Workplace Diversity Initiatives Reignited Post SCOTUS Decisions in Harvard & UNC

Supreme Court Case

The recent U.S. Supreme Court decisions in Students for Fair Admission, Inc. v. President and Fellows of Harvard College (Harvard) and Students for Fair Admission, Inc. v. University of North Carolina (UNC) raised alarm bells across the higher education community.  Although not directly addressed by the Court, employers are considering what, if any, impact the decisions have on their voluntary diversity goals. The short answer is none, but employers will need to get more creative with respect to outreach and recruiting efforts.

The contours of an employment-based diversity program are governed by Title VII of the Civil Rights Act of 1964 and myriad state laws prohibiting employment discrimination on the basis of race, ethnicity, and sex, among other protected characteristics. The U.S. Supreme Court has long held that workplace quotas and/or employment decisions based on an individual’s protected status, such as gender, race and/or ethnicity, are unlawful even where the purpose of these initiatives is to promote greater diversity.

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While gender, race and ethnicity-based employment decisions are unlawful, voluntary diversity goals are permitted.

Considerations for Enhancing Diversity in the Workplace

Title VII does, however, permit employers to implement voluntary diversity initiatives or affirmative action efforts that are designed to provide a fair opportunity for all individuals, regardless of their race or ethnicity, as long as the employer does not engage in race- or gender-based decision making. Treating an applicant’s or employee’s race, ethnicity or gender as a “plus factor” when making employment decisions is prohibited. Robust recruiting practices aimed at diversifying the pool of applicants is lawful. Even voluntary diversity goals are permitted provided they are aspirational and employers do not consider applicants’ race and gender when making hiring and promotion decisions.

Given governing legal precedent, robust diversity will not happen overnight. Employers are running a marathon despite the fact that they would prefer to sprint to the finish line. However, there are some tried and true initiatives that will move a workforce toward greater diversity.

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Creative Recruiting: Recruiting is an area where employers can get creative, see a significant impact on the diversity of their workforces, and stay within the bounds of the law. Cast a wide net. Connect with colleges and universities that have not been a focus in the past but have strong academic programs relevant to the industry. Track and, at least annually, assess the results achieved from various recruiting efforts. Eliminate those recruiting targets that do not yield a diverse pool of qualified applicants and replace them with alternative strategies.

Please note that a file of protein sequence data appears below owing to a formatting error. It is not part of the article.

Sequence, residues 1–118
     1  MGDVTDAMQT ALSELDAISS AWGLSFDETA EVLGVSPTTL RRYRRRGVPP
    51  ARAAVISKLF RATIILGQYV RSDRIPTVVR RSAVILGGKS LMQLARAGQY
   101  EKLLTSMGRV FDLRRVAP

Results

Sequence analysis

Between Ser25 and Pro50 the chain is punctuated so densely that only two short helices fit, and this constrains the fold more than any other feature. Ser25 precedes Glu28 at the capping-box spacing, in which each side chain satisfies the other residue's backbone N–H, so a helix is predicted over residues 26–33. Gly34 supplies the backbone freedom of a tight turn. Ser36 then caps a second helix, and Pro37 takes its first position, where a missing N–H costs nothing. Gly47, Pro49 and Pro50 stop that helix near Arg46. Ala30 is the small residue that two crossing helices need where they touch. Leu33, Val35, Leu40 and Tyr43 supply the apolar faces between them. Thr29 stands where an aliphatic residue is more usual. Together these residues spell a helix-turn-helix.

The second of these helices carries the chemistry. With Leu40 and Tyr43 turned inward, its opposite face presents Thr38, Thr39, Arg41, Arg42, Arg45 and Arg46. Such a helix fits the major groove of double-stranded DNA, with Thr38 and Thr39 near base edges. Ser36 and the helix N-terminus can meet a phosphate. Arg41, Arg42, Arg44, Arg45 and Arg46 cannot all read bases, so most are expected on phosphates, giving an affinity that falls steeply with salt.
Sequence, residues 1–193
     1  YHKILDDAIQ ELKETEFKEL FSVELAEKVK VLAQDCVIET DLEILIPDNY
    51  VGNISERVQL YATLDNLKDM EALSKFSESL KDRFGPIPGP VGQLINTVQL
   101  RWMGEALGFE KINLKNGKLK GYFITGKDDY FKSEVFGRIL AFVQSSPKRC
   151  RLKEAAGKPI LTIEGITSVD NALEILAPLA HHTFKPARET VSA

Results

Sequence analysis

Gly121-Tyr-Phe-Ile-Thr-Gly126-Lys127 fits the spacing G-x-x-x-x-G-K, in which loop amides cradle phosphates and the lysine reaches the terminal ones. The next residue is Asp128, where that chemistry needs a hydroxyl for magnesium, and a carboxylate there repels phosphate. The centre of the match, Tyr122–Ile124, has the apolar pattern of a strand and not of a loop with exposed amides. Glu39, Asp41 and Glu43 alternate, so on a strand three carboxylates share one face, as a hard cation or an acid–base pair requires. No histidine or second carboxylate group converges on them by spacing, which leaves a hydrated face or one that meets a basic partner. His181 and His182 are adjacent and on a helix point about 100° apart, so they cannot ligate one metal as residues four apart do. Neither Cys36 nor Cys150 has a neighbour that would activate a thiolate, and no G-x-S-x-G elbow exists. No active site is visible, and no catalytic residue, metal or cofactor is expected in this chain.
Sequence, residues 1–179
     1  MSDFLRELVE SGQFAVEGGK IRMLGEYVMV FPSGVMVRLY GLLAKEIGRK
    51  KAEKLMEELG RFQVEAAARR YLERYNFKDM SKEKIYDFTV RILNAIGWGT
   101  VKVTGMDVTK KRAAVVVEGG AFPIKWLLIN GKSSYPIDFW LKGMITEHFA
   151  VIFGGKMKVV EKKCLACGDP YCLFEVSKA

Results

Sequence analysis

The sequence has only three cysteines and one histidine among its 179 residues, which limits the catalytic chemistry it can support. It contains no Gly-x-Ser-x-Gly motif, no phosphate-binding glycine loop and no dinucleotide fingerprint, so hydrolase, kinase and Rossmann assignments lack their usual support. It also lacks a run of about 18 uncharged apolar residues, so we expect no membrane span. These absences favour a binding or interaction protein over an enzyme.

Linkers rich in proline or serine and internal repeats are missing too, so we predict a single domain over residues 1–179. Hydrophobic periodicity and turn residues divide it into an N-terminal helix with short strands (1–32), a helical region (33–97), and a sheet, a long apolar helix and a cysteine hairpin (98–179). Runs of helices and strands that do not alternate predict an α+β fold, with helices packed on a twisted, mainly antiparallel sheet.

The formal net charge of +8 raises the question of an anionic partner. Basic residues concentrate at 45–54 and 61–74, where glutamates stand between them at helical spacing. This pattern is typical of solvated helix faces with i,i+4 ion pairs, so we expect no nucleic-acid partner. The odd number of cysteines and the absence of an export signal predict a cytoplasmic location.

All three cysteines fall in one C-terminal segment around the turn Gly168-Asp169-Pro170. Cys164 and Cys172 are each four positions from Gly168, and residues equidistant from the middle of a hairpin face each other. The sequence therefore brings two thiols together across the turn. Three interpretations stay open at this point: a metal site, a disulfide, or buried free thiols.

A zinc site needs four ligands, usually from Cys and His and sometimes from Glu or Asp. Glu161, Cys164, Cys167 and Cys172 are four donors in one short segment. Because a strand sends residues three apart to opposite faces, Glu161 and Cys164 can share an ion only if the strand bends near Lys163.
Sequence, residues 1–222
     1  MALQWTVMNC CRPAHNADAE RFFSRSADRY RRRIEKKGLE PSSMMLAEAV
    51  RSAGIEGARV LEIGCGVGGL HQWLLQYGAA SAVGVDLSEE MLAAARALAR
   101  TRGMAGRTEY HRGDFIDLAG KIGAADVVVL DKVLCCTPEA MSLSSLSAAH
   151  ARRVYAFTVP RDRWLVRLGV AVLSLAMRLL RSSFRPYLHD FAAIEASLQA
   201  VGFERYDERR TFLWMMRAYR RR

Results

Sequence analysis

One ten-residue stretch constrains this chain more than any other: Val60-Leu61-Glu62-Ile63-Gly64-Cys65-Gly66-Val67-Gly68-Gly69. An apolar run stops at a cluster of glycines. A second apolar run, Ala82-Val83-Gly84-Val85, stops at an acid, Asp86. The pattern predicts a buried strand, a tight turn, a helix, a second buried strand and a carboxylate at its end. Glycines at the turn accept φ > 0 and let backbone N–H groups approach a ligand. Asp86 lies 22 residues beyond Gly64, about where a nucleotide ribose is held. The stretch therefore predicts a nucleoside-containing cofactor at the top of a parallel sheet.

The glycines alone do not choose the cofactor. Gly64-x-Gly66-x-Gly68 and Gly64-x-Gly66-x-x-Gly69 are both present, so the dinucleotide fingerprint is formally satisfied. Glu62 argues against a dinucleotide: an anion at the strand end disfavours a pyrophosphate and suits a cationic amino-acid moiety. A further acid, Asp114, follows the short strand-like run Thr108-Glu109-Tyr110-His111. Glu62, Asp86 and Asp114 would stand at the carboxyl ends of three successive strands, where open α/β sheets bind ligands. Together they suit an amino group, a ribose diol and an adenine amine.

Play the Long Game: Consider developing an internship program in connection with an HBCU or HACU that will yield qualified hires for entry level positions. Partner with a high school with a diverse student population to establish a mentoring program and pipeline for new hires.

Review Job Qualifications: Skill or experience requirements for many roles change over time. Periodically review job descriptions and minimum requirements for positions and, where necessary, revise the qualifications and reassess the recruiting strategy for those roles.

ERGs, Mentoring Relationships and Leadership Development Programs: Create opportunities for employees to express an interest in developing new skills or expanding their knowledge base so that they are better positioned for promotional opportunities. The best talent retention strategy is to promote an environment where employees see a path to more senior roles and have access to a support system to guide them along the way.

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Have a holistic plan: Diversity is as much about retaining talent as it is about attracting talent. Creating a sense of belonging and opportunity for advancement is at the heart of every effective DEI&B program.

Federal Contractors’ Affirmative Action Obligations

The decisions in the Harvard and UNC cases also do not impact federal contractors’ affirmative action obligations enforced by the Office of Federal Contract Compliance (OFCCP) pursuant to Executive Order 11246. Affirmative action as required by OFCCP is codified in the regulations and focuses on robust recruitment efforts and periodic assessments of personnel practices to ensure non-discriminatory decision-making. Affirmative Action, as defined by the regulations and applicable case law, does not permit race-, ethnicity-, or gender-based decisions nor are employers permitted to treat race and/or ethnicity as a plus factor in hiring or promotion.

Conclusion

The Supreme Court’s decisions in Harvard and UNC brought affirmative action in higher education into line with the limitations employers have been grappling with for decades. Less diverse student populations undoubtedly will reduce the pool of the diverse qualified applicants for employment. However, the goal of achieving and retaining a diverse employee population is still within reach. The key to success is to think outside the box to identify opportunities to attract, retain and promote diverse talent.

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